The more I witness this, the sillier it seems. What could all these devices possibly contribute to my enjoyment of walk in the woods, a cup of coffee at my table in the morning, a conversation with my son or daughter, the thrill of watching an athlete’s defining moment on the Olympics, an understanding of myself, learning a new tune or playing an old one, or just living and breathing? Not a single thing.

As much great music as there is in the world, I think the longer I live and listen the richer and more beautiful traditional music becomes to me. That’s not to say I wasn’t sorry not to take my kids to hear Dvorak last Friday night at Blossom. And it’s not to say I don’t love a barn-burning bluegrass tune about 80 percent of the time. But nothing to me cuts through the din of techno-insanity like the sound of a single line drawn by a human voice or some other instrument.

I’m destined to be ever behind the times. I can rarely keep up with the WordTwist demands of my FaceBook pals, I haven’t updated my MySpace in weeks, and you know the ups and downs of this blog. I still can’t stand texting but tolerate it as a form of communication acceptable to my teenage son. To Twitter is not to be for me. But to you true Twitterers I wish you sweet tweets and hope that you’ll make the most of it rather than make it the next thing that takes over your life.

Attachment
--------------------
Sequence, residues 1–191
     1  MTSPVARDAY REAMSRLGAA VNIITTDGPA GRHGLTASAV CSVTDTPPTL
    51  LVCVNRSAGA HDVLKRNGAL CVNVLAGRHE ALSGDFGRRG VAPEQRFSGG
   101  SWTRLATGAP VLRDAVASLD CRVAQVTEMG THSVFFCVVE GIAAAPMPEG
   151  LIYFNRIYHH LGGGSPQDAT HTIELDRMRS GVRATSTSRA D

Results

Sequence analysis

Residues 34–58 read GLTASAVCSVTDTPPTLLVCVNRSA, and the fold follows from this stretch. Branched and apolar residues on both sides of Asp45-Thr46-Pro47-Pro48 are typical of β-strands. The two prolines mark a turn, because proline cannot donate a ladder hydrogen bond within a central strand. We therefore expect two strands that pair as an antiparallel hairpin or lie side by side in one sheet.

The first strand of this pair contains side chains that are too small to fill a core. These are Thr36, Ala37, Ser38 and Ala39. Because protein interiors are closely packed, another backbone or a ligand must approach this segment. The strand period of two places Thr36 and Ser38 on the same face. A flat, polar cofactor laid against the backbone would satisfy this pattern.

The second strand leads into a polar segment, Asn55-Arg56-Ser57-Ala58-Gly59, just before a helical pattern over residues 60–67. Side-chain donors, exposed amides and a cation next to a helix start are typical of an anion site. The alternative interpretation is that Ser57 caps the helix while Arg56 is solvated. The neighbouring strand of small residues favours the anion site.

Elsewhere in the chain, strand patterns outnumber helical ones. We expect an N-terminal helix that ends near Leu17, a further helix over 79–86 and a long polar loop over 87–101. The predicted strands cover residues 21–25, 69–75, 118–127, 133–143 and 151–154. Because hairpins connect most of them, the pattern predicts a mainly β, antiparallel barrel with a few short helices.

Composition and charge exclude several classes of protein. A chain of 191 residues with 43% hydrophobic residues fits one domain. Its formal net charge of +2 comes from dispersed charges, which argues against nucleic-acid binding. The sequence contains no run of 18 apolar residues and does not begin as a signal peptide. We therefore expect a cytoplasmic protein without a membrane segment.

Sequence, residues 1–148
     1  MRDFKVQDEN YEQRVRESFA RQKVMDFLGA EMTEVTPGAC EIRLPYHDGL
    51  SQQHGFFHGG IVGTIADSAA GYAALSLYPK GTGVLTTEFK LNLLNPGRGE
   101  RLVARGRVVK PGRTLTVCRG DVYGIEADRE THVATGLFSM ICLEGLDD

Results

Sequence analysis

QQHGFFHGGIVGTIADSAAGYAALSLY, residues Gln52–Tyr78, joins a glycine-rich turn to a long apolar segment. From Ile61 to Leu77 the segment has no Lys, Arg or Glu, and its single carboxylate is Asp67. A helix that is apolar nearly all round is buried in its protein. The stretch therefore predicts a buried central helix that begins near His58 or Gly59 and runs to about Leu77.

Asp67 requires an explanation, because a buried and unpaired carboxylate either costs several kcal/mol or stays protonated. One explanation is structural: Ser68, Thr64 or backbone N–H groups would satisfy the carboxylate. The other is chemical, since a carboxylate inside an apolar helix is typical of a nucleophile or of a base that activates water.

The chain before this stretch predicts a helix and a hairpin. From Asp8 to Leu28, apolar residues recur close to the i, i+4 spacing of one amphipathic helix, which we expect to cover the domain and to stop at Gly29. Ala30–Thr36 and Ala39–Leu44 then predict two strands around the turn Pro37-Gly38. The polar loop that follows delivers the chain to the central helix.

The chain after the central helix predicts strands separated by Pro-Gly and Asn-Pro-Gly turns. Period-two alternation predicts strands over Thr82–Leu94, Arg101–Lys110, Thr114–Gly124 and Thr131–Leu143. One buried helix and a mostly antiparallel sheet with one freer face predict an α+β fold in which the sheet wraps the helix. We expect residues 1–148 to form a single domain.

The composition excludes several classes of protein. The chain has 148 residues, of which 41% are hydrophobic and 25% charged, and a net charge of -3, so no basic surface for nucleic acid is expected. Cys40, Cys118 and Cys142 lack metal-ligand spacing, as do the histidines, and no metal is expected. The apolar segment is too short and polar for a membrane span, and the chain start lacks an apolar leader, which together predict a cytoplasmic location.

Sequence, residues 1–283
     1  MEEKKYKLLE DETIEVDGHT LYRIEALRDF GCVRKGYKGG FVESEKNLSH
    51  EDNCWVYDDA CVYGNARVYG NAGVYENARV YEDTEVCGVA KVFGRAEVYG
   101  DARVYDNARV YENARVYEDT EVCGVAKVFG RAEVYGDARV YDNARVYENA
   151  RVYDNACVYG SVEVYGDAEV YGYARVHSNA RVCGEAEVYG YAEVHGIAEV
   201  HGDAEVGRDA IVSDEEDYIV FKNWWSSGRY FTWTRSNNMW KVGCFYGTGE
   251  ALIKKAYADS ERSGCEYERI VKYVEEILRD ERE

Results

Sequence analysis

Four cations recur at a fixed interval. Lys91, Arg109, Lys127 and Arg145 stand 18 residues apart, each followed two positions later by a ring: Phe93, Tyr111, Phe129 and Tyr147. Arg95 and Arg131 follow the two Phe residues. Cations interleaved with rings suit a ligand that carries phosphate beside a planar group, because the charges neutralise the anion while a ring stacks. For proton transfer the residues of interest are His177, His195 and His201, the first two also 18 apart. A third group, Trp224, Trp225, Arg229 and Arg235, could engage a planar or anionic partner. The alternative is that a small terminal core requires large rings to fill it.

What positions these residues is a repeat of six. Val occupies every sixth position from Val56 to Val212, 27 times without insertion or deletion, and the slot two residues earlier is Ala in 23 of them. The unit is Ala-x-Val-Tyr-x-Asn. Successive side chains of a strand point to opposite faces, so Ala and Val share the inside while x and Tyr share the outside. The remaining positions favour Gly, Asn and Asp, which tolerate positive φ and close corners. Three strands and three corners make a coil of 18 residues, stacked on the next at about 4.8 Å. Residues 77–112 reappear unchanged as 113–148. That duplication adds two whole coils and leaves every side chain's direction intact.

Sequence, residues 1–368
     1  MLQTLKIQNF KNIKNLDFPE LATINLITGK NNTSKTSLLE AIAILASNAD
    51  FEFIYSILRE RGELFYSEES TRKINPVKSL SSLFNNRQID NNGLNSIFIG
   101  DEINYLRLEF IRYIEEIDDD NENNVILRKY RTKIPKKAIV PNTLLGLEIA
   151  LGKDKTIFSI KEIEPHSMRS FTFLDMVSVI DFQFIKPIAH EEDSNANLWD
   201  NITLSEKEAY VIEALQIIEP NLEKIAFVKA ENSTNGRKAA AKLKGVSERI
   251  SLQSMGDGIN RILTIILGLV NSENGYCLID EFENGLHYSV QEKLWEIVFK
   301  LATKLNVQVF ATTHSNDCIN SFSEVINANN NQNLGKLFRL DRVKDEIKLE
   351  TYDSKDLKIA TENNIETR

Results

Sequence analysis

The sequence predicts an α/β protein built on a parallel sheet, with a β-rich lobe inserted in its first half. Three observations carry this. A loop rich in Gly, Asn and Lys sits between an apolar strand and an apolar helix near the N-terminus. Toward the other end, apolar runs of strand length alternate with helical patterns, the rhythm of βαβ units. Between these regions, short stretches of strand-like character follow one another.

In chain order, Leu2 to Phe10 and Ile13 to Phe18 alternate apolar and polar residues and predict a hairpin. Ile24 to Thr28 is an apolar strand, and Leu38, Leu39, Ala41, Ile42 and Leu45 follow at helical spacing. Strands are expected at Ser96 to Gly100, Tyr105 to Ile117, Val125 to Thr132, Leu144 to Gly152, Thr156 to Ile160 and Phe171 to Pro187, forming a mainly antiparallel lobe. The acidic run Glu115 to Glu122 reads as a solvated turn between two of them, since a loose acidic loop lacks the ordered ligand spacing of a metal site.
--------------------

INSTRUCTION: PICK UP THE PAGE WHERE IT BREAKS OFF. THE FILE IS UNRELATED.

I keep pimping this new album by those Infamous Stringdusters but the whole thing is just flat-out superb so I can’t help myself. Here’s a young bunch of guys doing a good old-fashioned steamy little tune about the very simplest pleasures in life. From what I can tell by listening, none of them involve an iPhone, Nintendo game, BlueTooth, or even a Frappucino. I love the downright Delta bluesy flavor updated with the Dusters’ contemporary idiom. I hope you enjoy one called “Get It While You Can” – and whatever that means for you, I hope you do.

2 Comments:

At August 15, 2008 1:32 AM, Blogger Ipsissimus said...

I'm even farther behind than you are - I don't even know how to get a Facebook page, have never visited My Space and keep getting invitations to something called "Linkedin" but am wary of online communities. After all - I don't get along that well in my real-life clubs. Online clubs seem a recipe for disaster for someone as socially backward as me. I'm just thrilled I can work my Ipod. Texting is a little beyond me at this point - I prefer a full keyboard to type, thank you very much.
Kelley

 
At August 15, 2008 6:06 AM, Blogger Mando Mama said...

Howdy, Ips! Hope you're well. I'm with you on all these. You're not behind the times, you're just present. I feel kind of silly that I started up all these things and don't keep up with them. I had to replace my phone the other day and the guy was trying to sell me even more features. He just didn't get it. I have a blackberry but like you, prefer the full keyboard. There will probably be a mutation in three generations of humans who are extremely thumb-dextrous, but that's just not one of my ambitions.

Say hello to Mr. Ips!